Salem – In 2021, Oregon employers, on average, will pay less for workers’ compensation coverage, the Oregon Department of Consumer and Business Services (DCBS) announced today. The decline in costs marks eight years of average decreases in the pure premium rate – the base rate insurers use to determine how much employers must pay for medical claims and lost wages.
Underpinning the cost decreases is the success of Oregon’s workers’ compensation system, which includes programs to control costs, maintain good worker benefits, ensure employers carry insurance for their workers, and to improve workplace safety and health.
The numbers illustrate positive, long-term trends:
- Employers, on average, will pay $1.00 per $100 of payroll for workers’ compensation insurance in 2021, down from $1.05 in 2020, under a proposal by DCBS. That figure covers workers’ compensation claims costs, assessments, and insurer profit and expenses.
- The pure premium rate will drop by an average 5.6 percent under the proposal. In fact, the pure premium – filed by a national rate-setting organization and reviewed by DCBS – will have declined by 48 percent during the 2013 to 2021 period.
Oregon’s lost-time claim frequency “has generally been decreasing moderately” while the severity of wage-replacement and medical costs “are showing a long-term downward trend,” according to the National Council on Compensation Insurance (NCCI), the U.S. rate-setting organization whose recommendation DCBS reviews as part of its annual public process to decide rates.
Employers’ cost for workers’ compensation insurance covers the pure premium and insurer profit and expenses, plus the premium assessment. Employers also pay the Workers’ Benefit Fund assessment, which is a cents-per-hour-worked rate.
The decrease in the pure premium of 5.6 percent is an average, so an individual employer may see a larger or smaller decrease, no change, or even an increase depending on the employer’s own industry, claims experience, and payroll. Also, pure premium does not take into account the varying expenses and profit of insurers.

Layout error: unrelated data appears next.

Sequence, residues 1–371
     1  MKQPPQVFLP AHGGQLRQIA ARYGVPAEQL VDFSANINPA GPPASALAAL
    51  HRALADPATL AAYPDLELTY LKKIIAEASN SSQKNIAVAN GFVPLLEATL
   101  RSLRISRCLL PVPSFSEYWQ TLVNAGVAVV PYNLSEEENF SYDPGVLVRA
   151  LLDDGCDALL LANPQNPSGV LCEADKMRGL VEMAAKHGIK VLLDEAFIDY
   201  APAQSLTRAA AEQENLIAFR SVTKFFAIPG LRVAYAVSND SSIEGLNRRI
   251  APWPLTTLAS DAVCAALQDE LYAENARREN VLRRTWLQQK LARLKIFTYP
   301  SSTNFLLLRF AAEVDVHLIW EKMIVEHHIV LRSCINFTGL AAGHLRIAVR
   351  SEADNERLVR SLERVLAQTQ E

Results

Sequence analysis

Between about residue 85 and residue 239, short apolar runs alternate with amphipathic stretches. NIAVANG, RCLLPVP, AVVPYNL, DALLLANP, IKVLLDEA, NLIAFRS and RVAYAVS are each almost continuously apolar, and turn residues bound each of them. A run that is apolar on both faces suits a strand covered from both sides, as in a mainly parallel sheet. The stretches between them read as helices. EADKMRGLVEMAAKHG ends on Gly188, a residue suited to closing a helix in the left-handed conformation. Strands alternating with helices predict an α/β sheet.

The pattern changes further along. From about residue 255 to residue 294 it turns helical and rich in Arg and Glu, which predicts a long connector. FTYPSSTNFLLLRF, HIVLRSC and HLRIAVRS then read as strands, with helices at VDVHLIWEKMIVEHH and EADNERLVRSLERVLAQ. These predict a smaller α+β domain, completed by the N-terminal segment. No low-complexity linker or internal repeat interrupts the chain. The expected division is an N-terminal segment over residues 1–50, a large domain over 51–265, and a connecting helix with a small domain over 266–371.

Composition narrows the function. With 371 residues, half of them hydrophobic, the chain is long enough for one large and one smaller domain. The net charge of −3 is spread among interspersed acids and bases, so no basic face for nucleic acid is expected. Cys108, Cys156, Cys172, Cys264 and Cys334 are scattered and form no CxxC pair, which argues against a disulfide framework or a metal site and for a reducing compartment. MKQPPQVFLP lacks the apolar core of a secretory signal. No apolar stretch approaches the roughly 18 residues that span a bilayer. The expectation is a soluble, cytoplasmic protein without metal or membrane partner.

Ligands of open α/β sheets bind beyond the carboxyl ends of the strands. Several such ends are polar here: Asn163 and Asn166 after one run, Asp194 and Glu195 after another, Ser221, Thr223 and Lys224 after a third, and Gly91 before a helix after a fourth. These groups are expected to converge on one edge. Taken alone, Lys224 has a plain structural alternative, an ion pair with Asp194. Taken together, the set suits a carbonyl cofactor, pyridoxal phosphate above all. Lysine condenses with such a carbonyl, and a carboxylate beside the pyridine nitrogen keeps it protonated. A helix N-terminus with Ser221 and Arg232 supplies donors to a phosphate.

Helping sustain the trend in lower costs is the stability of Oregon’s workers’ compensation system. The system includes the Workers’ Compensation Division; Oregon OSHA; the Workers’ Compensation Board, which resolves disputes over the state’s workers’ compensation and workplace safety laws; and injured worker and small business advocacy services.
Those successful programs are funded by the premium assessment.
The premium assessment is a percentage of the workers’ compensation insurance premium employers pay. It is added to the premium. It would increase from 8.4 percent this year to 9.0 percent in 2021.
The premium assessment is affected by the pure premium and the economy – in order to provide stable funding for programs that support Oregon’s workers’ compensation and worker safety programs, an increase in the assessment is needed to partially counteract a decline in pure premium.
The 0.6 percentage point increase is also meant to partially offset an anticipated decline in revenue triggered by economic conditions. At the same time, DCBS has already begun to reduce its planned expenses to help offset the reduction in revenue. The agency will continue to closely monitor its revenue and expenses in light of uncertainties in the economy.
“As we move forward with our rate-setting process, we are focused on taking a cautious, balanced approach,” said Andrew Stolfi, DCBS director and insurance commissioner. “It’s an approach that accounts for a tough economy and that helps stabilize programs that benefit employers and workers.”
Meanwhile, the Workers’ Benefit Fund assessment provides benefit increases to permanently disabled workers and to families of workers who died from a workplace injury or disease. It also supports Oregon’s efforts to help injured workers return to work sooner – through incentive programs to employers – and earn their pre-injury wages.
The fund’s revenue comes from a cents-per-hour-worked assessment. The assessment would see no change in 2021, remaining at 2.2 cents per hour worked
The decrease in the pure premium will be effective Jan. 1, 2021, but employers will see the changes when they renew their policies in 2021. The assessment changes will be effective Jan. 1, 2021.
Oregon’s workers’ compensation premium rates have ranked low nationally for many years. Oregon had the sixth least expensive rates in 2018, according to a nationally recognized biennial study conducted by DCBS. That was an improvement from Oregon’s ranking as the seventh least expensive state the last time the study was done in 2016.
The following cost chart summarizes the changes and includes information about how to participate in the virtual public hearing set for Thursday, Sept. 17, at 3 p.m.: https://www.oregon.gov/DCBS/cost/Documents/wc-summary.pdf
Annual Oregon average pure premium rate changes and average changes by industry: https://www.oregon.gov/DCBS/cost/Documents/pure-premium-rate.pdf
More information about Oregon workers’ compensation costs: http://www.oregon.gov/DCBS/cost/Pages/index.aspx